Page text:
The first non-inflationary increase for school lunches in 36 years has passed through Congress and is on the way to President Barack Obama's desk to be signed. May we suggest having the signing ceremony outside the White House organic garden?
The House vote was 264-157; the Senate approved the bill by unanimous consent in August.
Yeah, there are a few negatives, such as the reduced increase thanks to conservative Senate Democrats such as Blanche Lincoln (D-AR) and about half of the $4.5 billion (over 10 years) is funded by a cut in food stamps.
Though inflation did account for every increase over the last 36 years, the true value of the meals has slipped since inflation wasn't enough to cover food costs (inflation numbers aren't affected by food costs). And 6¢ won't help much; "thanks" Sen. Lincoln.
But there are no "blue slips" involved — unlike the food safety bill. And this bill had to pass now, since the legislation had no chance in the next Congress.
President Obama tried to reassure Dems in Congress that he would try and recover the food stamps money, though, again, doing so in the next two years will be difficult.
If you are looking for a reason why 36 years have gone by without a non-inflationary increase, and why getting even a 6¢ increase was so difficult, let's hear from Congressman (and amazingly physician) Paul Broun (R-GA):
This bill is not about child nutrition. It's not about healthy kids. It's about an expansion of the federal government, more and more control from Washington, borrowing more money and putting our children in greater debt. The federal government has no business setting nutritional standards and telling families what they should and should not eat.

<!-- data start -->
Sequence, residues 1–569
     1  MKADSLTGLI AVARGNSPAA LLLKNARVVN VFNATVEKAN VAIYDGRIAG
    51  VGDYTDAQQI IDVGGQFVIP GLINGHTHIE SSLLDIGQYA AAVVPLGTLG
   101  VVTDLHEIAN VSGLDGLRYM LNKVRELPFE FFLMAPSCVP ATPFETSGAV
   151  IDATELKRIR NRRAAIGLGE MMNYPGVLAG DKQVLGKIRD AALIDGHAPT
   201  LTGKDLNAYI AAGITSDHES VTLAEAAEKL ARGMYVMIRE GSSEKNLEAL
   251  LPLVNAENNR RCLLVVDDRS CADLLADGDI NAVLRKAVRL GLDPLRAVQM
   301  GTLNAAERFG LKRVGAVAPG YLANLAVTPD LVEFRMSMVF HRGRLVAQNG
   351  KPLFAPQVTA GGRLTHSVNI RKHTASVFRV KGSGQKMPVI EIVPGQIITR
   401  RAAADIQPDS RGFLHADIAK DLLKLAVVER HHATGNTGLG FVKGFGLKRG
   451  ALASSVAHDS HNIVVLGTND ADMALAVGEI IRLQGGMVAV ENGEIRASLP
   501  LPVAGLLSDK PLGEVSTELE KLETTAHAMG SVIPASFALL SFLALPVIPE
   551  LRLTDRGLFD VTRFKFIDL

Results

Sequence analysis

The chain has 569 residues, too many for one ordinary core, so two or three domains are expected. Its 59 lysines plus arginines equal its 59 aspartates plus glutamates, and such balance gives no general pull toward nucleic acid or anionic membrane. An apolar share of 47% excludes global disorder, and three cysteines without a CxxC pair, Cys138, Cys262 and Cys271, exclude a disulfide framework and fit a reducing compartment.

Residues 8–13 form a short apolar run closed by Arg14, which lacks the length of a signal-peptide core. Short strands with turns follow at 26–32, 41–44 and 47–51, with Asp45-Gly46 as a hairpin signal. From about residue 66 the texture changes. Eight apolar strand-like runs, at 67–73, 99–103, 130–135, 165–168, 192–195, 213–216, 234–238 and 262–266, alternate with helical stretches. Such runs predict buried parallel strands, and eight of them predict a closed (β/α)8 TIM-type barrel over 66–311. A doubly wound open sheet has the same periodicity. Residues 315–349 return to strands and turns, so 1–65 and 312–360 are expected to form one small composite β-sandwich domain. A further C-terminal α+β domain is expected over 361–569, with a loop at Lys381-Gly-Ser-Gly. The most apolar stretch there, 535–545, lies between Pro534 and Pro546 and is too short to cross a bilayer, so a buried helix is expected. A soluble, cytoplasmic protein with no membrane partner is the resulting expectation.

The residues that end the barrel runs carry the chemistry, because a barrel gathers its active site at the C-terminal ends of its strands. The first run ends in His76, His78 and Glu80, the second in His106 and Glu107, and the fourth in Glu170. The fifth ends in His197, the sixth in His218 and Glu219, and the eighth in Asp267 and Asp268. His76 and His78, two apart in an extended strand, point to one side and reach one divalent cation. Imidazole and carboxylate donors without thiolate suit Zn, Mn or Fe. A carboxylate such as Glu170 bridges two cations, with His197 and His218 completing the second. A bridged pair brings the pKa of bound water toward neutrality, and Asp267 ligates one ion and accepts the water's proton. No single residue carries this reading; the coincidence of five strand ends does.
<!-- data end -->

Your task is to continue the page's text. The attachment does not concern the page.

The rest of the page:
This is from the same Congressman who had this pearl of wisdom in September:
I tell ya, we’ve got some new problems in Washington. Big problems. Just today, Centers for Disease Control in Atlanta said people in America are not eating enough fruits and vegetables. They want to give all the power of the federal government to force you to eat more fruits and vegetables. This is what the federal, CDC, they gonna be calling you to find out what fruits and vegetables you eat today. This is socialism of the highest order!
This would be tragic if there was the slightest bit of truth to his statement. There isn't; since he's a Congressman and a doctor, some people understandably will assume he is correct.
Blanche Lincoln — who lost her bid for re-election — and Paul Broun may not represent most of our society. But during this process, they held positions of power over this issue. In the government, $4.5 billion, especially spread over 10 years, is a drop in the giant budget bucket. And while there is a bill — finally — this is why the bill is as weak as it is, though a great improvement from the long-term status quo.
17 Republicans crossed the aisle to vote for the school lunch bill along with 247 Democratic votes. Four Democratic House members voted against the bill along with 153 Republicans. 13 House members did not vote with one vacant House seat.
Of the 17 GOP members that voted for the bill, 4 of them are from Pennsylvania: Charlie Dent, Jim Gerlach, Tim Murphy, and Todd Platts. The other Republicans were Spencer Bachus (AL), Joseph Cao (LA), Shelley Moore Capito (WV), Mike Castle (DE), Charles Djou (HI), Vern Ehlers (MI), Ann Emerson (MO), Jeff Fortenberry (NE), Walter Jones (NC), Tom Latham (IA), Steve LaTourette (OH), Dave Reichert (WA), and Don Young (AK).
Allen Boyd (D-FL), Bart Stupak (D-MI), John Tanner (D-TN), and Peter Welch (D-VT) were the 4 Dems who voted no. Boyd, Stupak, and Tanner are all conservative and all leaving Congress in January. Boyd was defeated and Stupak (C Street) and Tanner retired. Welch's vote is a bit of a surprise.